Transcripts of the monetary policymaking body of the Federal Reserve from 2002–2008.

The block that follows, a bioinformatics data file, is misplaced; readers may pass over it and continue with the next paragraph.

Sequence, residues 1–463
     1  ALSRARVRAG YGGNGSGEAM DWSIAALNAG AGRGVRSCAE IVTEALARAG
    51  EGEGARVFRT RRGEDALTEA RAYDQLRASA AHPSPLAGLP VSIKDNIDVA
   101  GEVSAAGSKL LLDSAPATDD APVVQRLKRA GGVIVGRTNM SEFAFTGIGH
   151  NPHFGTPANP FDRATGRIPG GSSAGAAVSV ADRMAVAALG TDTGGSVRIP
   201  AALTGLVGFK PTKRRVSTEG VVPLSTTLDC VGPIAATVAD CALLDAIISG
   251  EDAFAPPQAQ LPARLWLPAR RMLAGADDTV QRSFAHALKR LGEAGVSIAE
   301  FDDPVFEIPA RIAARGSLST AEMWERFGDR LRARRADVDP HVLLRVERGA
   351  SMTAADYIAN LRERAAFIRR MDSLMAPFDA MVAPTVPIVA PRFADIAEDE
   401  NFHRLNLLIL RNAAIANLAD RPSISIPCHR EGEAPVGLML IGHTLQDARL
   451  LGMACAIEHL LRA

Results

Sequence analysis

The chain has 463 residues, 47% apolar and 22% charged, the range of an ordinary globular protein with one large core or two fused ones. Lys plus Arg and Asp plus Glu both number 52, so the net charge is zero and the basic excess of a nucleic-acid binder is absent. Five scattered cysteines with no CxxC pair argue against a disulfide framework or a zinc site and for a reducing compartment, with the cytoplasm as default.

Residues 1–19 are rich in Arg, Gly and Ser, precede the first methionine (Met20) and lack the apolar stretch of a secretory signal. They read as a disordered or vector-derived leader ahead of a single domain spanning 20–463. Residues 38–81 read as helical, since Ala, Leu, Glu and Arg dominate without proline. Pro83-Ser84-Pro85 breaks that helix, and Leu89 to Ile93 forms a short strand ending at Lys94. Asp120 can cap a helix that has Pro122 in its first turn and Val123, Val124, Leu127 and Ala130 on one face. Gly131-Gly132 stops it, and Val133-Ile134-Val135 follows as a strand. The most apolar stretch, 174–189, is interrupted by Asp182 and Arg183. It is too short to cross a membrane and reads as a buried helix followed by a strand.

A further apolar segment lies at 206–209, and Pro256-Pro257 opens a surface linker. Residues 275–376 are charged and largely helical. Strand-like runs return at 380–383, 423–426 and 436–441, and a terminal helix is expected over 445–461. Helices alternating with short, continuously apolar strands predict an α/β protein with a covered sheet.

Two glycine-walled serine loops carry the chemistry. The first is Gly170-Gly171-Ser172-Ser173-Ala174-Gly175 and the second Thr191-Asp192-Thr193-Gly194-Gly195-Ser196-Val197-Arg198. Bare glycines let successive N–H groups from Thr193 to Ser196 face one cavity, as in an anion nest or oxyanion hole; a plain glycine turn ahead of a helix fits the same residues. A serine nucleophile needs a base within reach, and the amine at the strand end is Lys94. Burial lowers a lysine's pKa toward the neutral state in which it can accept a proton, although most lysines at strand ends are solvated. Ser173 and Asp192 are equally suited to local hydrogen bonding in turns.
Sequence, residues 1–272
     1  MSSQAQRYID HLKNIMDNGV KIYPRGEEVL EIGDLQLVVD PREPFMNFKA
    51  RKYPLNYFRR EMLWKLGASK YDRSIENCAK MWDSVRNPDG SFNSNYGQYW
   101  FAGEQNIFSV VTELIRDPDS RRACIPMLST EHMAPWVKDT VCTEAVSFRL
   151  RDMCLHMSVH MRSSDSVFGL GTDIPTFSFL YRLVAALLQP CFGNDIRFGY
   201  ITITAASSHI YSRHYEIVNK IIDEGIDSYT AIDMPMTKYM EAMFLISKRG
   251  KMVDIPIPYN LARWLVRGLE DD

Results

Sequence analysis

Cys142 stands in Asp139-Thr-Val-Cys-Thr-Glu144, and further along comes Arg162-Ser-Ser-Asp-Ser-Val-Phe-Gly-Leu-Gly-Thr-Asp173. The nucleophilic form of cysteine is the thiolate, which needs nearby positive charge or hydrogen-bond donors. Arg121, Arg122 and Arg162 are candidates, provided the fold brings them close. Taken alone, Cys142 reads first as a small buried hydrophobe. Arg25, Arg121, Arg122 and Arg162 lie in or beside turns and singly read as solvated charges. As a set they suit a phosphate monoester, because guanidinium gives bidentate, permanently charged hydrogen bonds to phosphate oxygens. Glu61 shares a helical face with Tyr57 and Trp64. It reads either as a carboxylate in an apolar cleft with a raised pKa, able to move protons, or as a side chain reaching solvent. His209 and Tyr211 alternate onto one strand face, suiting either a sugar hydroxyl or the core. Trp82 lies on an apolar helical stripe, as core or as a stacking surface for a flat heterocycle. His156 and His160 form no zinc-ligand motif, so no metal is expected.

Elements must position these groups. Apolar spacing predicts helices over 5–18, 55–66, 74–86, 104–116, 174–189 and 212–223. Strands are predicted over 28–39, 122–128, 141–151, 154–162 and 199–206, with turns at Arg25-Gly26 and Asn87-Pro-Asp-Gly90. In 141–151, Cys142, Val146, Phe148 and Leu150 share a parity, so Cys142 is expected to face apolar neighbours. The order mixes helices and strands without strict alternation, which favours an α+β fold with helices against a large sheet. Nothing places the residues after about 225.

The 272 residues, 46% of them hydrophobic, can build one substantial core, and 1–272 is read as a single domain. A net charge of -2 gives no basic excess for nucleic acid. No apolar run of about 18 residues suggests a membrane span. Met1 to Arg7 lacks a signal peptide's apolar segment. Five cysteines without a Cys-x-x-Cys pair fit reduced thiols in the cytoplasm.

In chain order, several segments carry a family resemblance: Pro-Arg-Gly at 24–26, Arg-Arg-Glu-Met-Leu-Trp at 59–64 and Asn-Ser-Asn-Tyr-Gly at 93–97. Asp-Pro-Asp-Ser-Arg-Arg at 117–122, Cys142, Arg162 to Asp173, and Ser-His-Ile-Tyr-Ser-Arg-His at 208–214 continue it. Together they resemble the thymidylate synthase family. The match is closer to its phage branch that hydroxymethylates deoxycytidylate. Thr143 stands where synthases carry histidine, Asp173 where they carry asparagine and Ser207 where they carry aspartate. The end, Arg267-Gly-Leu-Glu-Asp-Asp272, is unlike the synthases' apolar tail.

To be honest, I don’t know of any real data that the staff can bring to bear on this question. We have some data on the trading contracts and who is trading, and to some degree these data may shed light on a measure of how much of the trading is fundamental and how much of the trading is, for want of a better word, speculative. But that’s just nonfundamental traders, non-end users. I don’t know that such knowledge would tell you how much of the price change is due to which sort of activity. My remarks this morning attempted to highlight the fact that the endogenous part of this behavior is the price structure and the inventory behavior that emerge. I think that there was an interaction in those things, although as yet we don’t have real formalized models of inventory behavior that I want to claim any systematic truth about. But I think that the volume of trading and the volatility it might induce in prices does feed back to demand for actual physical product through the behavior of inventories. So although it’s also true that the speculative traders are adding to the upside and the downside, they are eliciting a response from the oil producers on the one hand and, to some degree, from the oil consumers on the other to change their inventory behavior. That also feeds back on how the price dynamics work. Right now, I think basically they are providing liquidity to this market, but they may well be amplifying the swings—but I can’t put a number on it; I really can’t.

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